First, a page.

By definition, human embryonic stem cells [hESCs] and human induced pluripotent stem cells [hiPSCs] are pluripotent cells that have the ability to indefinitely self-renew and become any cell type in the body. Because of these attributes, PSCs have become an important scientific tool and are spurring advancements in basic research, disease modelling, drug development, and regenerative medicine. No longer do researchers have to rely on ethically plagued embryonic stem cells. With the revelation of induced pluripotency in 2007, there is a new avenue for therapeutic use of stem cells via allogenic and autologus methods.
Ten years ago, stem cell researchers were studying how bone marrow transplants could be used to cure blood diseases, such as leukemia and sickle cell anaemia. Now with the advances in stem cell research and induced pluripotency, more patient-specific therapies are being explored. Autologous hiPSC-derived retinal pigment epithelium cell sheets can be used to treat patients with age-related macular degeneration. Allogenic treatment of MSCs have shown great promise in helping patients afflicted with irritable bowel syndrome. Autologous use of adult stem cells differentiated down the chondrogenic lineage can be used to aid in patients with osteoarthritis. While clinical use of stem cells has shared its part in many ethical debates, promising work is being done to meet patients' needs for generalised and specialised treatments.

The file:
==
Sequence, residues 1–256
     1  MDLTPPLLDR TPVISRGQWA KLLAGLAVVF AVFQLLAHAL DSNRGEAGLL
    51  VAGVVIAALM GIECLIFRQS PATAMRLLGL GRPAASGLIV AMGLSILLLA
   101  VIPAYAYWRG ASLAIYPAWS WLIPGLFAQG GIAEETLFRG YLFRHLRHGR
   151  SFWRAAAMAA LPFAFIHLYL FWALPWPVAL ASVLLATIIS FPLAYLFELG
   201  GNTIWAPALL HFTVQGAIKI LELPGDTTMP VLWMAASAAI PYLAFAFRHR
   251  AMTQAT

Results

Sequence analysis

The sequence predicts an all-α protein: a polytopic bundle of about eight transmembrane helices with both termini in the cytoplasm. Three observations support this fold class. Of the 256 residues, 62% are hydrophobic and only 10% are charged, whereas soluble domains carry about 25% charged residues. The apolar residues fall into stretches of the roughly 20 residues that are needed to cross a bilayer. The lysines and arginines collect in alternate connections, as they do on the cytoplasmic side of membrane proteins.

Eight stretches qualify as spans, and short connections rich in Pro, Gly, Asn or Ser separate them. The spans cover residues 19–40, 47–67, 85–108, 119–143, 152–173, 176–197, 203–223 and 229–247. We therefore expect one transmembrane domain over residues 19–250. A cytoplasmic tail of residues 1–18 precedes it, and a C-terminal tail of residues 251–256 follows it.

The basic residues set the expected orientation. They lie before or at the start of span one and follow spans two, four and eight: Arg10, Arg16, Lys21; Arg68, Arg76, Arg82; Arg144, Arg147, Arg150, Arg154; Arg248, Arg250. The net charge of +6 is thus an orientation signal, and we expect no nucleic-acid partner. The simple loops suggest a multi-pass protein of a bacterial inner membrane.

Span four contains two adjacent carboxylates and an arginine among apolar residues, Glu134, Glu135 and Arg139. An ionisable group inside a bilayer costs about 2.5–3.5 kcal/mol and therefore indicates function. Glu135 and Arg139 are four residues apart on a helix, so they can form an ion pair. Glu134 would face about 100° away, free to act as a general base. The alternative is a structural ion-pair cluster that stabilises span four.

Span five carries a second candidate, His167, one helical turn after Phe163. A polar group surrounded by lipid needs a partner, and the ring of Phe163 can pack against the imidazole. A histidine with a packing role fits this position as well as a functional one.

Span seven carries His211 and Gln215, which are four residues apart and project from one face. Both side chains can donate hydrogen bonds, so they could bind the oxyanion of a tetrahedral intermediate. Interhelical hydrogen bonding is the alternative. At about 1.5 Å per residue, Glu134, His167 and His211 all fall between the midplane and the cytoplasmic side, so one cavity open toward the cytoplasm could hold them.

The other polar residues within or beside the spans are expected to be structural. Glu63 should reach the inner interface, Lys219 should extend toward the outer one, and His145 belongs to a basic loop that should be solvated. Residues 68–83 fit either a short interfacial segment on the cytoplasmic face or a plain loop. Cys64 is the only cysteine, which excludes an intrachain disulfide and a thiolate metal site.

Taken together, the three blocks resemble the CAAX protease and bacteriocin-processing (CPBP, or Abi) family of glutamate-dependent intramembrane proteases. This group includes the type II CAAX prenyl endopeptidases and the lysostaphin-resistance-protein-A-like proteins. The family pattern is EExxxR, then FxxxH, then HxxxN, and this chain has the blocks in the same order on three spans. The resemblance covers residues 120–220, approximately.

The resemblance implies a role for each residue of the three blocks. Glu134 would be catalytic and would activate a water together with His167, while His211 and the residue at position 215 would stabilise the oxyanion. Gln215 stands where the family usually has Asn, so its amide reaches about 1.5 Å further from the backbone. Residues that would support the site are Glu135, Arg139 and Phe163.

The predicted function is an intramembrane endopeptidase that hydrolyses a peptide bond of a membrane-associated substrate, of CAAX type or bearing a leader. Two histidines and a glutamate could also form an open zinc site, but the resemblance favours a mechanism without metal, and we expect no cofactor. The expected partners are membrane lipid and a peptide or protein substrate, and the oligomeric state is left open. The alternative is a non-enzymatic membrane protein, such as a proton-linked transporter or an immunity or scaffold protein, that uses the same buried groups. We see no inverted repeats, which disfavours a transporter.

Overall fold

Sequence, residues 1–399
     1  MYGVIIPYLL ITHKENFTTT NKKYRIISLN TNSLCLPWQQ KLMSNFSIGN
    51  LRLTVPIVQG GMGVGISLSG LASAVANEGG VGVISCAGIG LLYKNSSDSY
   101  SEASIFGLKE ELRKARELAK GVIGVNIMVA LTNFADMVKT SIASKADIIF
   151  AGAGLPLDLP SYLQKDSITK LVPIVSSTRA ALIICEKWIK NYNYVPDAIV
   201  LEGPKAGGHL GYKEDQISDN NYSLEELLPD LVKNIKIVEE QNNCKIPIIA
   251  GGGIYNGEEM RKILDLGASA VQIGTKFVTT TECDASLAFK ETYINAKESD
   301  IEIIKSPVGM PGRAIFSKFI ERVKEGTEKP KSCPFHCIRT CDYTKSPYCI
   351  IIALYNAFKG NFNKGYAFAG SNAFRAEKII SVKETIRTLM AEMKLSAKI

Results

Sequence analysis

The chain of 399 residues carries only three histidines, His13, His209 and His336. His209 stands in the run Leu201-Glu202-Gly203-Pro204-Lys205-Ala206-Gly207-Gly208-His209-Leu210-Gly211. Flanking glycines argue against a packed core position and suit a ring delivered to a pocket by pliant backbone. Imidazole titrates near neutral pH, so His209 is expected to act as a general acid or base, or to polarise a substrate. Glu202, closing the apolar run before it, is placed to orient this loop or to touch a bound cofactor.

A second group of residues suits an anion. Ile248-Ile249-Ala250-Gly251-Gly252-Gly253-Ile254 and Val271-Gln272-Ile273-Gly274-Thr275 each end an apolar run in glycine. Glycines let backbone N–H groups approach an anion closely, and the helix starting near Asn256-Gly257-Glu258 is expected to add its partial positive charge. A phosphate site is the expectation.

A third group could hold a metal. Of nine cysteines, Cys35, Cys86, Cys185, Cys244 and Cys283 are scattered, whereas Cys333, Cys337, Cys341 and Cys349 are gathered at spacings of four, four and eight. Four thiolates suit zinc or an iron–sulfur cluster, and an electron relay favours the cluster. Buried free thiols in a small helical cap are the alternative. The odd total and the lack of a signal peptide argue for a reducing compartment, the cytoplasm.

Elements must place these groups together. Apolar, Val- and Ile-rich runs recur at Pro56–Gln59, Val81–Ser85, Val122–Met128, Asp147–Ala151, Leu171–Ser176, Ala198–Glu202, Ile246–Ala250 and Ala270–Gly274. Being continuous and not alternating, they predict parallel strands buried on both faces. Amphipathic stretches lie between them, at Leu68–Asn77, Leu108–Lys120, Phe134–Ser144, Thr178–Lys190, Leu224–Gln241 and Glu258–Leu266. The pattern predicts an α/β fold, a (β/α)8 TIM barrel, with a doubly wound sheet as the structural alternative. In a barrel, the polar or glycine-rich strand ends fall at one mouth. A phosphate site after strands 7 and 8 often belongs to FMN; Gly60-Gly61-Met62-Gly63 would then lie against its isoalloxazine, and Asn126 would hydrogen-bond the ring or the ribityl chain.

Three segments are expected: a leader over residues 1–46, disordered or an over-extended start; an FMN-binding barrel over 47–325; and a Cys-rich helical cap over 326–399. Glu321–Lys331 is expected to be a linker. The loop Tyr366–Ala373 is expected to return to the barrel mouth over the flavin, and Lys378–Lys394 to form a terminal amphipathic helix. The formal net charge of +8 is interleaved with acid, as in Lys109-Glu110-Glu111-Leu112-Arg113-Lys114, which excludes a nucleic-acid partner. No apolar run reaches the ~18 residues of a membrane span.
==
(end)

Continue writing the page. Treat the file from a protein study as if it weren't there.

To aid in multiple facets of stem cell research, Lonza offers an expansive portfolio of products that will help simplify your reprogramming, proliferation and differentiation of stem cells. From Lonza's new L7TM hiPSC Reprogramming and hPSC Culture system, to highly published adult stem cells and NucleofectorTM Kits for genome editing and reprogramming; Lonza offers a variety of products to support your research and improve your workflow.